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    Y or N prompt code in C


    I'm a Beginner trying to learn C and I'd just now come across an exercise in the ebook I'm learning out of that says to write a program that asks a Yes/No prompt and I'm stuck as to how I should do it.

    What I have so far is this:

    #include <stdio.h>

    int main()
    {
    char answer;
    int Y,N,y,n;
    printf("Are you man?");
    getchar();

    if(answer == Y || answer == y)
    {
    printf("Hello, Mr. User!");
    }
    if(answer == N || answer == n);
    {
    printf("Hellow, Mrs. User!");
    }
    }
    I want it to where it just shows "Hello, Mr. User!" if I press "Y," but as it is now it's showing both messages at once (it's also showing the one that should only show if "N" is pressed). What am I doing wrong?

    It'd be appreciated if I could some help with this. Thanks a lot.
  2. #2
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    1. You declared main to return an int and were very correct to do so. But you didn't return an int. At the end of main, you at least need a return 0; statement.

    2. Use code tags. Code tags preserve your code's indentation, whereas quote tags do not. Of course, you also need to indent your code properly and consistently.

    3. If you want to test what the user has input, then you need to read input from the user. You did not do that. You apparently want to use the variable, answer, to store the character that the user inputs. So do that! As your program is now, you just throw away that input character. Save it in answer!

    4. What are the variables, Y, y, N, and n and what are you using them for? Stupid question: do you intend Y to be a char that contains 'Y', y to be a char that contains 'y', N to be a char that contains 'N', and n to be a char that contains 'n'? If so, then why didn't you do that? Or for that matter, you could have just compared answer to the literal values 'Y', 'y', 'N', and 'n'.

    5. Another problem with those four variables is that you compare them to answer, but you never ever assign any values to any of them. That's called an uninitialized variable error, which is a very serious error, especially when you start working with pointers. Never ever use a variable which has not been ininitilized to a known value. Since they are all local variables, they all contain random garbage. If you use random garbage, you have no idea what the results will be.

    6. You say "but as it is now it's showing both messages at once". I have trouble believing that, since the possibility of answer containing the exact same random garbage as either Y or y should be very small. Especially since the higher-order three bytes of Y or y would have to all be zero for that to happen.

    7. Of course it will always print out "Hellow, Mrs. User!". That is because that printf is not in the least bit controlled by the preceding if-statement, since you told that if-statement to do nothing whatsoever if true. Look at that code:
    Code:
        if(answer == N || answer == n);
        {
            printf("Hellow, Mrs. User!");
        }
    Now do you see that extraneous semicolon at the if-statement? That is what tells the if to do nothing if true.
    Last edited by dwise1_aol; December 19th, 2013 at 03:37 PM.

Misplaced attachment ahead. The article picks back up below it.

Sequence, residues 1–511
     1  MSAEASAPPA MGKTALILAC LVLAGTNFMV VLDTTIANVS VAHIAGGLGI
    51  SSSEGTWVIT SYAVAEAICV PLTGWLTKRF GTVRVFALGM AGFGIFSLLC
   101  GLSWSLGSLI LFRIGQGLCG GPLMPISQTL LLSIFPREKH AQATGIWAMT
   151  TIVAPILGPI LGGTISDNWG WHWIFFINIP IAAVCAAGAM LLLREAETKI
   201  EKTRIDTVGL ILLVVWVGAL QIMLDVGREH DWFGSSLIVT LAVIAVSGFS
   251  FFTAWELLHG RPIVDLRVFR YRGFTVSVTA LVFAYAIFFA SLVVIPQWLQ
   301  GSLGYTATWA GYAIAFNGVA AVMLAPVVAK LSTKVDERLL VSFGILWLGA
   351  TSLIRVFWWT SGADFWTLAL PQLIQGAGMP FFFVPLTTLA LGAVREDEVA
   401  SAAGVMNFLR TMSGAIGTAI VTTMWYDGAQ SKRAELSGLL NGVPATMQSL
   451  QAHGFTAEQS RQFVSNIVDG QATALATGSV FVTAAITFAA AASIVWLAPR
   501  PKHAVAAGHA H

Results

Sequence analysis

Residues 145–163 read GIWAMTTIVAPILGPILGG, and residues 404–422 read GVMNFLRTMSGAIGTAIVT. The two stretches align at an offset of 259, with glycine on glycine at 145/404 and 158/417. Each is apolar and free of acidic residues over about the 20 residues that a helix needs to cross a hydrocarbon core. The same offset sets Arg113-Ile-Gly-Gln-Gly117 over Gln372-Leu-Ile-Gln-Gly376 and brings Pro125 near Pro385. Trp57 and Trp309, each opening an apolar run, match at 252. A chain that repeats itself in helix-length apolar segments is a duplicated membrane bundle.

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    Okay, thanks for the reply.

    Well, putting that semicolon at the end of the second if and not having it return an int at the end were both stupid mistakes on my part. Thanks for pointing them out.

    I tried to fix the code, but I'm getting this error message now:
    C:\Users\Osman\Documents\BegC4D\ex0816\main.c|7|error: expected identifier or '(' before '=' token|
    This is the code:
    #include <stdio.h>

    int main()
    {
    char answer;
    int Y,N;
    char = (Y || N);
    printf("Are you a man?");
    getchar();

    if(answer == Y)
    {
    getchar();
    printf("Hello, Mr. User!");
    }
    if(answer == N)
    {
    getchar();
    printf("Hello, Mrs. User!");
    }
    return(0);
    }
    If there are still any stupid mistakes in there, please point them out. And I'll apologize for any waste of time I may be causing for you in this.
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    Code:
    #include <stdio.h>
    
    int main()
    {
      char answer, upper_case_answer;
      fputs("Are you a man?  ",stdout); /* lambert, #1.  Use printf only when conversions are required. */
      fflush(stdout);		    /* corrects interaction on lambert's odd configuration */
      answer = getchar();		    /* dwise1 #3 */
    
      upper_case_answer = answer & (~ ' ');	/* lambert, #2 introduce extraneous parenthesis */
    
      if('Y' == upper_case_answer) /* dwise1 #4 *//* lambert, #3 eliminate typo answer = 'Y' */
        {
          getchar();
          puts("Hello, Mr. User!");
        }
      if('N' == upper_case_answer)
        {
          getchar();
          puts("Hello, Mrs. User!");
        }
      return 0;		      /* lambert, #4 extraneous parenthesis */
    }
    Last edited by b49P23TIvg; December 20th, 2013 at 09:17 AM. Reason: lower corrected to upper
    [code]Code tags[/code] are essential for python code and Makefiles!
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    Please to not ignore what we tell you.

    Yet again, USE CODE TAGS! What part of that could you possibly not be able to understand?

    Here is what your code should look like:
    Code:
    #include <stdio.h>
    
    int main()
    {
        char answer;
        int Y,N;
        char = (Y || N);
    
        printf("Are you a man?");
        getchar();
    
        if(answer == Y)
        {
            getchar();
            printf("Hello, Mr. User!");
        }
        if(answer == N)
        {
            getchar();
            printf("Hello, Mrs. User!");
        }
        return(0);
    }
    Make it so.

    Yet again: you need to read input from the user. You still are not doing that. getchar() returns the next character that was input. If you do not use that return value or assign it to a variable, then you just threw it away and it is lost. So yet again, save it in answer! You save a value to a variable with an assignment operation, the one that uses =.

    Yet again: What are the variables, Y, y, N, and n and what are you using them for?